Finally, we need to have a new definition of success–that our success should be determined by how we get back up when we fall down, and that our greatest achievement is not breaking a physical barrier, but a mental one. And only then–when we as a society can emphasize the importance of who we are and our strength in overcoming–can we perhaps feel greater worth in who we are, rather than in the numbers we show for in sport.

Order your copy of Running in Silence: My Drive for Perfection and the Eating Disorder That Fed It here.

5 replies
  1. Kate Spalding
    Kate Spalding says:

    This resonates SO loudly with me. I get positive comments about my strength, stamina, performance, muscle definition whilst all the time starving myself and ignoring the fact that I should eat. Instead I push myself continually, feel physically ill and look like S…. I am nearly 55 years old and have had this off and on for over 30 years. I have and are having therapy and inpatient treatment but nothing clicks. My family are worried to death, it puts enormous pressure on my marriage but I am stuck and won’t move on.

    • Rachael
      Rachael says:

      Thank you for your comment. I’m sorry this has been such a struggle for you for so long. My heart goes out to you and your family! Keep pushing through and finding your way–you CAN do this!!

  2. Tamara Steil
    Tamara Steil says:

    This is absolutely one of your best posts, Rachael. You were in a spiraling mindset whose pattern would not stop unless you made a willful effort to recognize there was a problem and change that pattern through professional help with an eating disorder specialist. It was not quick. It was not simple. But your determination to break the pattern and keep working with the appropriate support you sought and found with your therapist made the difference for you.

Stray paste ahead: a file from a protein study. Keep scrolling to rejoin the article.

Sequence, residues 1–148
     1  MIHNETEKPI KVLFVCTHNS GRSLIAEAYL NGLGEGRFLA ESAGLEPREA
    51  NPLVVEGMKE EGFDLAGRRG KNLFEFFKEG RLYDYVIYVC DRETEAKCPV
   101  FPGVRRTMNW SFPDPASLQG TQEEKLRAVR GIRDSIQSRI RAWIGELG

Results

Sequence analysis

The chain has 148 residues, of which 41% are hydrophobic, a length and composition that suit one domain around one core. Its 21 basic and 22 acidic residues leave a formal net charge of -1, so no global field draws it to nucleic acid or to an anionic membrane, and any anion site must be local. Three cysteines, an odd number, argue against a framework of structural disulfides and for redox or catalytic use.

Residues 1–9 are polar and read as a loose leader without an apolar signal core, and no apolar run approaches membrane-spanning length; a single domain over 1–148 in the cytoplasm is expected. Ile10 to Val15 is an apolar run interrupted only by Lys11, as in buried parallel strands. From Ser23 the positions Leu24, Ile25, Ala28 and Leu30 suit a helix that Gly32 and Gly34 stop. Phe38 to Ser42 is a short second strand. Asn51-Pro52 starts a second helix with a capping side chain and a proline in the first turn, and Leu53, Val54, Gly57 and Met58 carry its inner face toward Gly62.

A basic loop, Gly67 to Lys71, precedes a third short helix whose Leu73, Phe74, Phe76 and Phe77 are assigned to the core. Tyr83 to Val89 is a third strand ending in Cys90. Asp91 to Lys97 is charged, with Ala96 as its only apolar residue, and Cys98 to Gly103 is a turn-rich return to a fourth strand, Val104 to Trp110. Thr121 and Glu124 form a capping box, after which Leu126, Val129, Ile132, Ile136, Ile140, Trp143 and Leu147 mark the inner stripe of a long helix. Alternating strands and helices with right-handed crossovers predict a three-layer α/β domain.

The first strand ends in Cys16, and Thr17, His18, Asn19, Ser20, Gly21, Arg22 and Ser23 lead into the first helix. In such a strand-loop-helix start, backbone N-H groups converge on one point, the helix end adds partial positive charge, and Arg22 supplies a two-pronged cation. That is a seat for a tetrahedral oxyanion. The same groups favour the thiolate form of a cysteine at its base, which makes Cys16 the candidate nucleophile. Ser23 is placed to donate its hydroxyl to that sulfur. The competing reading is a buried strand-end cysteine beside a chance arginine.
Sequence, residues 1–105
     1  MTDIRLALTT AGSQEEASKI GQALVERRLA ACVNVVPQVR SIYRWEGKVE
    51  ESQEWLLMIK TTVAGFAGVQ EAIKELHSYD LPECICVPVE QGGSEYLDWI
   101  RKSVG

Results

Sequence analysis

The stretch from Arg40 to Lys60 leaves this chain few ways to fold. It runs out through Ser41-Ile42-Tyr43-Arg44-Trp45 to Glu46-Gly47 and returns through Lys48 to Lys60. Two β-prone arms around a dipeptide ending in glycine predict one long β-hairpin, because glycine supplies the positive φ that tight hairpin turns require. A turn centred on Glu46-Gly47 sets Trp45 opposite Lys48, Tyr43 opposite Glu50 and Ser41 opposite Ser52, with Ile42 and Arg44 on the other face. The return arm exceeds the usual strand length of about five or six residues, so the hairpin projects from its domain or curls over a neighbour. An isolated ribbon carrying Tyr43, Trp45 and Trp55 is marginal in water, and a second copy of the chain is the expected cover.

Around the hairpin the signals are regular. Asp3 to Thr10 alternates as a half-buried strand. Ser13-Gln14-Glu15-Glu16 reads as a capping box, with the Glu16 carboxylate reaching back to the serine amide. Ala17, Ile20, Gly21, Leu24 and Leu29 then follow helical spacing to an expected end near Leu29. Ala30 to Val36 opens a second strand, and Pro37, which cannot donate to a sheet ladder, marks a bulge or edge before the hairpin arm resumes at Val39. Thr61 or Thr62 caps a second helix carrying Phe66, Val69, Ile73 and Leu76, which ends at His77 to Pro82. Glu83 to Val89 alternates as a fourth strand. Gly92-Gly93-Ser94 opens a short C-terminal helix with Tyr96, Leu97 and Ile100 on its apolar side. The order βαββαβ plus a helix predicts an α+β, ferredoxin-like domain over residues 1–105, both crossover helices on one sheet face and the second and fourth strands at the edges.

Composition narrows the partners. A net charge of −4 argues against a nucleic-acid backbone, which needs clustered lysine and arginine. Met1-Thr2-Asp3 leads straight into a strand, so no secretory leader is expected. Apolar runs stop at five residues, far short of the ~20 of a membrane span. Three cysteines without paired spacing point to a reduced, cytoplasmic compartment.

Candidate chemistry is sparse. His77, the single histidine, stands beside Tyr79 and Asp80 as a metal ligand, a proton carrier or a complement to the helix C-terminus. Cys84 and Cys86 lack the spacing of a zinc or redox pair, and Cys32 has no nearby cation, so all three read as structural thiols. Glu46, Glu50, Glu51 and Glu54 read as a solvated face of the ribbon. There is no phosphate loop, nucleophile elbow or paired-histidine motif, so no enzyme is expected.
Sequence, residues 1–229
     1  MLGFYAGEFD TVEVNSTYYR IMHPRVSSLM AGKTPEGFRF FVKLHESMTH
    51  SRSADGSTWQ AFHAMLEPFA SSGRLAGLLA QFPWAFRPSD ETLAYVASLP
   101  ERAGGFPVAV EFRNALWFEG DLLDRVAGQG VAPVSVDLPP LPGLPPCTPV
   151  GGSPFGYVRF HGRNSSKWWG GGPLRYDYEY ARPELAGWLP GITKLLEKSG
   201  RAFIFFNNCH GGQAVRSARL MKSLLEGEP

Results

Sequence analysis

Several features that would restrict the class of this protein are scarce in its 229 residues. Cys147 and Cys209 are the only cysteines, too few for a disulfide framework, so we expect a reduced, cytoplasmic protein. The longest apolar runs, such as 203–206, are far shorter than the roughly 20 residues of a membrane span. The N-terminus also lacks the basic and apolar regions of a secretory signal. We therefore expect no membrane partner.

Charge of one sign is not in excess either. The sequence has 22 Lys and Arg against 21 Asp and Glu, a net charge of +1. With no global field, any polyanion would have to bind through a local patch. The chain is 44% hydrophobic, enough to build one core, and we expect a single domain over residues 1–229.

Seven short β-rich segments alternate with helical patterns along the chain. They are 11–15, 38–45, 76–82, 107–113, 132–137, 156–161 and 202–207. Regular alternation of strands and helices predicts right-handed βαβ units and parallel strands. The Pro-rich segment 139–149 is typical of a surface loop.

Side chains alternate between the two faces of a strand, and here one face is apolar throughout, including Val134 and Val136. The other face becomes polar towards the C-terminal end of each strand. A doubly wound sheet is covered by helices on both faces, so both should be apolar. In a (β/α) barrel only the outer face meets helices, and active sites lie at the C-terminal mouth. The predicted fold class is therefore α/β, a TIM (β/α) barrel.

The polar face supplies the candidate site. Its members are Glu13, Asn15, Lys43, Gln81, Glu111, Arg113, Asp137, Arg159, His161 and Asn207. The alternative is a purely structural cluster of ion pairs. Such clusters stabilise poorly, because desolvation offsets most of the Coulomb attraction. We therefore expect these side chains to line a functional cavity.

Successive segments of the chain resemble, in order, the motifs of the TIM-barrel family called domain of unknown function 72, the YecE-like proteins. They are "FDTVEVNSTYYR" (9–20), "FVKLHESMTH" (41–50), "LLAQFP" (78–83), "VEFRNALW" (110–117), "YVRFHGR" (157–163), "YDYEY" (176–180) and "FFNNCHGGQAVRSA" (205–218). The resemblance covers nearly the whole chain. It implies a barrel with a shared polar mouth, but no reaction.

3. Lily
    Lily says:

    Thank you so much for this. I remember struggling with disordered eating through track season of my sophomore year of high school. Although my coach did not say anything about it directly, he kept asking me how I was feeling and let him know if I felt too tired or stressed to do the workout. When the doctor finally pulled me out of track, and I told him how I couldn’t run the remainder of the season, he just nodded and said he understood.

    The following year when I made a comeback, he kept telling me how STRONG of a runner I was. He told me he could see me powering up the hills. He reminded me to taper and to recover for races. He taught me how to be a good leader and teammate, and then later, captain. Without him, I doubt I would still be running or have the healthier mindset I have now.